The Anointing at Bethany


[Homily:  Holy Monday, April 15, 2019]

In our Gospel today, Mary anoints Jesus.

Her anointing of Jesus comes just after the seventh sign in John’s Gospel:  Jesus’ raising of Lazarus from the dead.   You recall, when news came of Lazarus’ sickness, Jesus did not go immediately to the side of his friend.  “This sickness is not unto death, “ Jesus said, “but for the glory of God, that the Son of God may be glorified through it” (Jn 11:4).  When he finally went after two days, Lazarus had already died.  Martha, grieving Lazarus death, met him and said, “Lord if you had only come earlier, my brother would not have died.” (Jn 11:21).  But Jesus told her, “Your brother will rise again…  I am the resurrection and the life. He who believes in me, though he may die, he shall live”  (Jn 11:25).   Martha thought he was talking about the general resurrection from the dead, but she had misunderstood.   Very dramatically, Jesus raised Lazarus from the dead, calling him forth from the tomb.  It was a sign which brought many of those who witnessed it to belief.

But it was also the sign that was intensely provocative. St. John relates that in its wake the scribes and Pharisees gathered in council and asked, “ What shall we do?  This man works many signs.  If we let him alone, everyone will believe in him…” (Jn 11:48).  At the end of their deliberation, St. John recounts, “…from that day on, they plotted to put him to death.”

Mary who had peered into Jesus’ heart and understood him profoundly, knew that his death was near.  The thought of that death revolted her from within; like Peter, she may have wanted to spare Jesus this painful death.  But she understood Jesus had to undergo this.  He was the Good Shepherd come to “bring life, life to the full” (Jn 10:10), who would lay down his life for his sheep (Jn 10:15).  He was the Suffering Servant referred to in the first reading who suffers silently,  “Not crying out, not shouting, not making his voice heard in the street” (Is 42:2) until he accomplishes his mission “to bring justice to the nations” (Is 42:1)) and “to be a light to the Gentiles” (Is. 49:6).  So, believing him and believing in him, she takes a pound [not just a few drops] of very precious oil and anoints his feet, filling the room with the fragrance of the oil, then wiped his feet with her hair.  It is an act that astonishes and moves those who were present.  It is an act of humility.  But also an act of inner union with what Jesus had to undergo.  It was as if she were saying, “Alright, if you must undergo this death, then allow me to prepare you for death.  Despite everything in me that protests against it, I accept you must do this.   I accept by anointing your feet with oil.”  It was an act of faith in Jesus, and all he had to undergo.  But it was also indisputably an act of love.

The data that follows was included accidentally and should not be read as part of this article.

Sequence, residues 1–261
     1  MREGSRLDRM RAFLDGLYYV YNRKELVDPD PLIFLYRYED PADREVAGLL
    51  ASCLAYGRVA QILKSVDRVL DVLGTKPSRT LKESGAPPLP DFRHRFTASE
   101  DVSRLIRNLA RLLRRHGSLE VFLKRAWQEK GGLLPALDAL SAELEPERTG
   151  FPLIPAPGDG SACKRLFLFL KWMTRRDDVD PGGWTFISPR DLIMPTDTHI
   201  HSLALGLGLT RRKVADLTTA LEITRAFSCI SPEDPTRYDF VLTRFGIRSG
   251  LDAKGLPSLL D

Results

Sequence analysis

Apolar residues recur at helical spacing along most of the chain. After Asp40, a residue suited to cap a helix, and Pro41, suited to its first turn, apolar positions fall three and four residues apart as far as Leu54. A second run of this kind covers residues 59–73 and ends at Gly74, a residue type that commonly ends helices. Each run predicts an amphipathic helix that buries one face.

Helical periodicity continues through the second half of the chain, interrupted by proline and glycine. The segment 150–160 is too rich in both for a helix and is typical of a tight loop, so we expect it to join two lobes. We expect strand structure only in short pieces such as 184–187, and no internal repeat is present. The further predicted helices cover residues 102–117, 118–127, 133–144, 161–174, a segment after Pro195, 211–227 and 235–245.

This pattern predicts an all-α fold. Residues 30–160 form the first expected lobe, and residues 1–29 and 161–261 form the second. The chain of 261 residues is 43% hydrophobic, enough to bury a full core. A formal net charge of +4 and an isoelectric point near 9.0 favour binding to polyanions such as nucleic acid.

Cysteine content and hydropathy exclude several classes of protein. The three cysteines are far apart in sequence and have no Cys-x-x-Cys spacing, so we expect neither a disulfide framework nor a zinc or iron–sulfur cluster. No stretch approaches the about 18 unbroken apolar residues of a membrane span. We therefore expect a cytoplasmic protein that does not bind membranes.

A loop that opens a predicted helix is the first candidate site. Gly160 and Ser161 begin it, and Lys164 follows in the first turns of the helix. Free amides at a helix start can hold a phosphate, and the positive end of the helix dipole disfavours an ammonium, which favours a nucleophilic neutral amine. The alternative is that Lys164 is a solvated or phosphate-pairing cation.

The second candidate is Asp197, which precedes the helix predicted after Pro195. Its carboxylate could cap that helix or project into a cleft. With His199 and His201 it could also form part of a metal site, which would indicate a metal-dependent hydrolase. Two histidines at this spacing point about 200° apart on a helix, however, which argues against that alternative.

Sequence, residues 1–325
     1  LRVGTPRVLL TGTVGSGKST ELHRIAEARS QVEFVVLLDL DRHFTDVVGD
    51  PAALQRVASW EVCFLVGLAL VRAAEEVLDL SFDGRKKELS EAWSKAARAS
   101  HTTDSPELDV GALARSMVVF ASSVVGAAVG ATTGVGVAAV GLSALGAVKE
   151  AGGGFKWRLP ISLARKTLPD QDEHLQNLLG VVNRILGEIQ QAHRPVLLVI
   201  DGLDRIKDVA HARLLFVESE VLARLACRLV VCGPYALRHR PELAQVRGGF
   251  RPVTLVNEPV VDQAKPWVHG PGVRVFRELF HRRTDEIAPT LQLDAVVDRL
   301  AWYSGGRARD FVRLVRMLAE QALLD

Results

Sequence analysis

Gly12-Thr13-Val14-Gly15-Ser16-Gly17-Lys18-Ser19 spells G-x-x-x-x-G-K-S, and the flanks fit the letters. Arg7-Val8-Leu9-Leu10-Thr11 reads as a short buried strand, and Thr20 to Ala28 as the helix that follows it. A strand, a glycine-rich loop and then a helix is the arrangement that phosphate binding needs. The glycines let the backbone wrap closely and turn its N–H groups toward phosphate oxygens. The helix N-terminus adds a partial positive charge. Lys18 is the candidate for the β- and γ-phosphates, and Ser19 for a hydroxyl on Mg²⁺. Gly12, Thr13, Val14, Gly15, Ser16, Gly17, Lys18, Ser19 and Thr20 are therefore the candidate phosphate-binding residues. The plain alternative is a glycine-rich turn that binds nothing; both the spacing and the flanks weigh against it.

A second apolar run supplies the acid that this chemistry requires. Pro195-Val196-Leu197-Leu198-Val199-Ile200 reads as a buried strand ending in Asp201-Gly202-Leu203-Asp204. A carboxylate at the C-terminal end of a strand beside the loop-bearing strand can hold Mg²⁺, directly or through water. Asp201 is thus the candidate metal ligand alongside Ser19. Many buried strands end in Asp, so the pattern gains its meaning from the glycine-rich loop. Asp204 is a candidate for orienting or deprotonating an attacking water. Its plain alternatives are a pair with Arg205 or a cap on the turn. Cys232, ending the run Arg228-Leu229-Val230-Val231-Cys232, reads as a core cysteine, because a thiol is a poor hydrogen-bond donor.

Her response to Jesus is the opposite of Judas’ response.  His cynicism betrays his utter lack of insight into Jesus’ heart. “Why was this fragrant oil not sold for three hundred denarii and given to the poor?” (Jn 11:5 ).  He rejects all the gestures in love Mary is making before Jesus.   As Mary loved in faith, he hated in rejection.  For but thirty pieces of silver, he betrayed Jesus.

Yesterday, Palm Sunday, we heard the cries, “Hosannah to the Son of David, Blessed is he who comes in the name of the Lord!” (Lk 19:30); we also heard, “Crucify him! Crucify him!” (Lk 23:21).  Today we encounter the faith and love of Mary, but also the hatred of Judas.

We are invited to prayer.  We would like to be like Mary.  But precious oil is expensive.  We would hate to be like Judas.  But we talk much about the poor and reject the light of Jesus.

St. John says, “He came to his own and his own received him not.  But to as many as received him, he gave the right to become children of God” (Jn 1:11-12)

About Joel Tabora, S.J.

Jesuit. Educator
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